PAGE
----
My only concern is that doing so would divert attention, energy and effort away from my core mission and purpose: providing guidance, insight and ideas (with next generation internet technologies and applications) in a time of accelerating change for those who need it most (small-to-midsize business). Perhaps…building buzz about this blog would facilitate that mission and purpose? I’m beginning to think so and thus am considering buzz-building for my own blog…
…or I’m going to go open a Fantastic Sams salon and just be done with all this tech stuff.
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About Steve Borsch
Strategist. Learner. Idea Guy. Salesman. Connector of Dots. Friend. Husband & Dad. CEO. Janitor. More here.
Connecting the Dots Podcast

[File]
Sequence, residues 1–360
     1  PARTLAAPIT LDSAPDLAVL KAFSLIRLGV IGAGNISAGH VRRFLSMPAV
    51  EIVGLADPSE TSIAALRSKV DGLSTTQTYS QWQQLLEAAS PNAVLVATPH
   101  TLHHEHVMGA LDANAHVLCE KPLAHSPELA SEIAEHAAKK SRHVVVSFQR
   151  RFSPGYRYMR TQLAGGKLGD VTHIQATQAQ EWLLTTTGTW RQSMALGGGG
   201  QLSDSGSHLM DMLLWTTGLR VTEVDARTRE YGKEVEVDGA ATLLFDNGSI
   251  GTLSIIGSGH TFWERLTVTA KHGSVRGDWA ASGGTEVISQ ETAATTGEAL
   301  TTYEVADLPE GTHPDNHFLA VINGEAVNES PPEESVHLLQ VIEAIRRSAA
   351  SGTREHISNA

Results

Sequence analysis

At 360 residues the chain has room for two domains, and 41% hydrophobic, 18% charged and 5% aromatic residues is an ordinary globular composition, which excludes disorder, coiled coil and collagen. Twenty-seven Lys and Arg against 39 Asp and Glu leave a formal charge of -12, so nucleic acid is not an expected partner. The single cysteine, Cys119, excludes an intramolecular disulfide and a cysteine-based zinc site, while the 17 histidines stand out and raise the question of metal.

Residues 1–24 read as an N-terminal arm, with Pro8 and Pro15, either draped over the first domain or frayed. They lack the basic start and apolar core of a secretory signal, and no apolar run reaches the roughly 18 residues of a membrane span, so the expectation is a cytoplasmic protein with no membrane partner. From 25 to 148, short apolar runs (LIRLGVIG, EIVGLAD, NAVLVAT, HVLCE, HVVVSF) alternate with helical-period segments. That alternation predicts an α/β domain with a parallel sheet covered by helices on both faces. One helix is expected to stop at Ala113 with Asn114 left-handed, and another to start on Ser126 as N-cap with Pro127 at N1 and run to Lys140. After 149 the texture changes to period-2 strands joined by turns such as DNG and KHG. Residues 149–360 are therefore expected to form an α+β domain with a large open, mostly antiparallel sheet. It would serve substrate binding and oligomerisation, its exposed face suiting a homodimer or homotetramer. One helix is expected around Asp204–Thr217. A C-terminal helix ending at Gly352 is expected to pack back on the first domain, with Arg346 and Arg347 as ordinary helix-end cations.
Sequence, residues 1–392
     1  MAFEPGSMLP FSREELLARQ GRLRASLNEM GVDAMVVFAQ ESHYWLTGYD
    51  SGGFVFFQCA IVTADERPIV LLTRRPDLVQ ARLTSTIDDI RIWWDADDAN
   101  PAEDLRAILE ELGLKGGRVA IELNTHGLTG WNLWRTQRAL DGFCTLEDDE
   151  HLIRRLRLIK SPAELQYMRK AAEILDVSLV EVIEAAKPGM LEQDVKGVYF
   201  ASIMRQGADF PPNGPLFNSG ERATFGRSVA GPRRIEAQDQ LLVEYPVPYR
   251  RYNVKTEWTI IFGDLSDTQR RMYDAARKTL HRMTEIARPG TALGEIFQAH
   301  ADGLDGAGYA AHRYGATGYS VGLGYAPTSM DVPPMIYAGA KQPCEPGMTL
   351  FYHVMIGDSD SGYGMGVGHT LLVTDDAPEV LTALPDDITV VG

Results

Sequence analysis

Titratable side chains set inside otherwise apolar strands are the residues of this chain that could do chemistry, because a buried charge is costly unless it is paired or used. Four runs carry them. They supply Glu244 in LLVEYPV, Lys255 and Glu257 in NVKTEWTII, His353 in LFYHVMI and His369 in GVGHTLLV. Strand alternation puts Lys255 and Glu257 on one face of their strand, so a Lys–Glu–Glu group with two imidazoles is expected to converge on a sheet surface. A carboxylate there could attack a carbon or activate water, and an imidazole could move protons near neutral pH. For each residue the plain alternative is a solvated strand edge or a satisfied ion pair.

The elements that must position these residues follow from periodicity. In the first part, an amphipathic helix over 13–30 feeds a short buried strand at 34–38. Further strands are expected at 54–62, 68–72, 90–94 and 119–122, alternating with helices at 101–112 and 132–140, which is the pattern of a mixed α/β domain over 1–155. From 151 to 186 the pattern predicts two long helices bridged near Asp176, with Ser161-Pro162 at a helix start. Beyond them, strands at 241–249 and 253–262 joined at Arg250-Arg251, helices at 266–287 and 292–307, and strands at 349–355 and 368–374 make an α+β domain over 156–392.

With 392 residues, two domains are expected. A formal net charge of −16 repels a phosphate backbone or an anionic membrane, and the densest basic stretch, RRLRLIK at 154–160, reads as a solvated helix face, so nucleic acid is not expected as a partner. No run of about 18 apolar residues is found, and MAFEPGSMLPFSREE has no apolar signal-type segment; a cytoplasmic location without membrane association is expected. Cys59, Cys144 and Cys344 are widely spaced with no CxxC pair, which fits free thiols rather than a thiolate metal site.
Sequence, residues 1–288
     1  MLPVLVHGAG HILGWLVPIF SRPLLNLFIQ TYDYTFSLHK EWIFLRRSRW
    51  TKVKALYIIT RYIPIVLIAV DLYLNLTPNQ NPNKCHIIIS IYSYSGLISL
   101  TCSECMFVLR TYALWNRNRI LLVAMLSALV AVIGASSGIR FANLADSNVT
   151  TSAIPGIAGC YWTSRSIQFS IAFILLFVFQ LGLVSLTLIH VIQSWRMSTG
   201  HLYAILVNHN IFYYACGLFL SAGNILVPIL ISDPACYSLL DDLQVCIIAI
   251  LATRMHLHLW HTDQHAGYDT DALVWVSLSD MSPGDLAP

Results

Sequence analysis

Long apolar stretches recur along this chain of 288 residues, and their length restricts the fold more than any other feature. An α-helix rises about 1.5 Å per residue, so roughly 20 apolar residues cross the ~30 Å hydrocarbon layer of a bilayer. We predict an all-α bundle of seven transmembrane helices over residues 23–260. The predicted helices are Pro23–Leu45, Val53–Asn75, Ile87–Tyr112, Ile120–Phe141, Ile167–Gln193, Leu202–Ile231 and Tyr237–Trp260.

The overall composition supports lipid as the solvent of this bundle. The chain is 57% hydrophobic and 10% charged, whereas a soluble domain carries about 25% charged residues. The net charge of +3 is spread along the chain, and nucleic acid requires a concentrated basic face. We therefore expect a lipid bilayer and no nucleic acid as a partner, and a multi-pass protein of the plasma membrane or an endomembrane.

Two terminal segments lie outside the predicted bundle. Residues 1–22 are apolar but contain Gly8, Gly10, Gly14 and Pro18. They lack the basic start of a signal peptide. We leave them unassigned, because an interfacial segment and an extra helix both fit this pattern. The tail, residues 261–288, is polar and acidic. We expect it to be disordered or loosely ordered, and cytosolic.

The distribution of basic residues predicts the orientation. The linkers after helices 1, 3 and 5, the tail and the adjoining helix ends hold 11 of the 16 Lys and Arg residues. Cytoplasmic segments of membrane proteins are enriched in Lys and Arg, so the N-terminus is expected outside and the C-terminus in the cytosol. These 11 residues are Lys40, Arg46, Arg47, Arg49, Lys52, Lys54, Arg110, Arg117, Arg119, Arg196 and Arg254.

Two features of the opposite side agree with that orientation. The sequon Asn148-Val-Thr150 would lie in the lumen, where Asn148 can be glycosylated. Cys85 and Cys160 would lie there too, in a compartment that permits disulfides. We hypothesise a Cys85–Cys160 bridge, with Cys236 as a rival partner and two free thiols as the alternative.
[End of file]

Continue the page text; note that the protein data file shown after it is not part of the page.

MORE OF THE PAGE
Podcasting hit the mainstream in July of 2005 when Apple added podcast show support within iTunes. I'd seen this coming so started podcasting in May of 2005 and kept going until August of 2007. Unfortunately was never 'discovered' by national broadcasters, but made a delightfully large number of connections with people all over the world because of these shows. Click here to view the archive of my podcast posts.
Some great ideas, Steve. I’m not sure if we need to be “hitting the cover off the ball” in this age of the Long Tail. I’d be pleased to find enough consulting work in my niche to wait the current job market out for the perfect gig. Then again, I’d like to birth the next Digg in my spare time and be worth $60M on paper, too 😉